By Susanna Chilver, Second Year, Politics with Quantitative Research Methods
I have dreamed for years of my time as a career woman in the Big Smoke. Pret coffee in one hand, work phone in the other, I picture myself boarding the Tube to work, sitting next to like-minded young professionals all on our way to ‘the top’ (all to the tune of KT Tunstall’s ‘Suddenly I See’, à la Devil Wears Prada).
An internship has always seemed like the necessary stepping-stone to making this a reality, so what of them now that we live in these ‘unprecedented times’?
In four short months it will be proven whether or not Johnson’s June 21st road map comes true and whether or not summer internships will be in person or remote. In the case of the latter, is it worth it?
Remote working will be a huge setback in terms of grasping how an actual office operates. For those of us who haven’t yet had any professional experience, sitting in front of a computer screen every day, five days a week, while completing work that we have little real knowledge about may well be a continuation of the lacklustre motivation that has been guiding us through university recently.
Obviously, internships should only be pursued if you have a genuine curiosity about that career so, in theory, the work will be enjoyable whether in person or remote.
Then again, we all picked our degrees because they were subjects we found interesting, and look at our student satisfaction ratings now. Remote internships will be offering the challenging, professional work without the exciting complement of new, glamorous surroundings.
Networking plays a greater role in some professions than others
Following that, there is going to be severely reduced opportunity to engage in all-important networking.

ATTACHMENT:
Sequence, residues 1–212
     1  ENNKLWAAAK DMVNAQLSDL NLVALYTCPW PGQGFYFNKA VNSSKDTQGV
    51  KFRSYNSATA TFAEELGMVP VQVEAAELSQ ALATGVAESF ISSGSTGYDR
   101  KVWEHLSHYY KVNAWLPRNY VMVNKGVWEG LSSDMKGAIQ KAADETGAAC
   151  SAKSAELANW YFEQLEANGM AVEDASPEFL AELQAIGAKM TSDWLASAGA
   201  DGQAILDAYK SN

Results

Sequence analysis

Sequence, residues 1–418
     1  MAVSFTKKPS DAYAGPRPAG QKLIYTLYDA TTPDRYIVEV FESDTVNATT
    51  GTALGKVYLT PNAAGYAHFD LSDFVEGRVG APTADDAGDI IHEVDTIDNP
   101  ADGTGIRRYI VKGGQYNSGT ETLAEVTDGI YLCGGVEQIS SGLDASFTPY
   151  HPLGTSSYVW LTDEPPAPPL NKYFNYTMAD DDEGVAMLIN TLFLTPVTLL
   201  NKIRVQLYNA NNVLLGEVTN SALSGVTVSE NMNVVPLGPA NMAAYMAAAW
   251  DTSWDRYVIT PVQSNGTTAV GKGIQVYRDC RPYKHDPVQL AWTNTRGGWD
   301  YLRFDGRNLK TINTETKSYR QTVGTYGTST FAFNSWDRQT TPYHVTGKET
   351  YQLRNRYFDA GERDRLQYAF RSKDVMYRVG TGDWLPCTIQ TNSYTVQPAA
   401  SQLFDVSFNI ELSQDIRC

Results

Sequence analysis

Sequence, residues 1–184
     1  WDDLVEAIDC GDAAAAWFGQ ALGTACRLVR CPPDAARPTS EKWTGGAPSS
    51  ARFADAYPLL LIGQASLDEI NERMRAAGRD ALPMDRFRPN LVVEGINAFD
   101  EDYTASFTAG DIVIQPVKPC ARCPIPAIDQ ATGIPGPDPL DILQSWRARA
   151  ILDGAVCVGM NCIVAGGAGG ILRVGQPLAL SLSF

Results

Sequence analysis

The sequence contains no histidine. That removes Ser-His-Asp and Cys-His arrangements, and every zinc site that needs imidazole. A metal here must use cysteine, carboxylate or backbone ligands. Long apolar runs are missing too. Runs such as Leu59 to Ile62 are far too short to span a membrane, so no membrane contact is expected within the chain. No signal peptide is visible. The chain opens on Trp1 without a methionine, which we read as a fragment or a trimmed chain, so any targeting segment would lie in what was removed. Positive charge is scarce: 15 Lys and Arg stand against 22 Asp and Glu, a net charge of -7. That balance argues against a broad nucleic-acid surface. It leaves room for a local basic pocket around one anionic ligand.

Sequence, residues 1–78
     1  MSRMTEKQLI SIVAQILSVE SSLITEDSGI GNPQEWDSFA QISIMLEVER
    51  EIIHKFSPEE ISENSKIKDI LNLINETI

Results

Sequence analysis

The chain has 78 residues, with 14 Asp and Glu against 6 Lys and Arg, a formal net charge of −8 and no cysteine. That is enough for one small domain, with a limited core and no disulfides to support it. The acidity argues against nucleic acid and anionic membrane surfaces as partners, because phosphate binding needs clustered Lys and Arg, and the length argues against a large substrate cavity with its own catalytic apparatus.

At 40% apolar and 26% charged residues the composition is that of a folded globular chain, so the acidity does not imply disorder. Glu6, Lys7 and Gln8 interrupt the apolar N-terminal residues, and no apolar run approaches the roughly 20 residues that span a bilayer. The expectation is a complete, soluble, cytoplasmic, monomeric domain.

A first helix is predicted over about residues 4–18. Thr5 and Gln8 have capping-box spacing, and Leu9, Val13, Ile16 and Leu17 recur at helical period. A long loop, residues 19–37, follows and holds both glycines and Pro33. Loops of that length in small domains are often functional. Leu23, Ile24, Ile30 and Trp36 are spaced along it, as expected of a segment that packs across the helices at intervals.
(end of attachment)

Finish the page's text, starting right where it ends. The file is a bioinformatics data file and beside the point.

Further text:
Networking plays a greater role in some professions than others. For creative arts students in particular, it’s often a case of 'not what you know, but who you know'. There is no one to run errands for, or to assist on an edit with, or to suggest subjects or images to if you’re sat in your bedroom staring at your laptop.
There are no events to organise, influential conversations to have or opportunities to volunteer if your daily commute is to your kitchen and back. There’s no mingling to be done in a socially distanced universe.
In a normal year, internships provide a dynamic and exciting change to student life
It must also be said that remote internships are yet another product of our contemporary culture of hyper-productivity. Despite a complete lack of economic security, thousands dying of COVID-19, no legal socialising and a widespread mental health crisis, students are still expected to find a productive and career-focused way to spend their longest break from studying.
In a normal year, internships provide a dynamic and exciting change to student life. This year, they are likely to provide a continuation of the problems already being faced by students.
That being said, it is difficult to find a solution: the world must keep turning and we must act as though there is light at the end of the Covid tunnel. Remote internships, in this regard, are a lot better than nothing.
The glamorous vision I have of working in the City might not quite correspond with the reality of my first foray into the workplace this summer - I’m reminded that Anne Hathaway’s reality didn’t match her expectations for working at Runway in The Devil Wears Prada either.
But whether my upcoming internship is in person or remote, I hope societal expectations change and that there is less pressure to be constantly high performing on students.
Moreover, this year will highlight that those who manage to secure remote internship can still have something to put on their CV, whereas those who don’t can actually relax as they aren’t missing out on anything too great.
Featured Image: Unsplash / Chris Montgomery
Have you got an internship this summer? Let us know!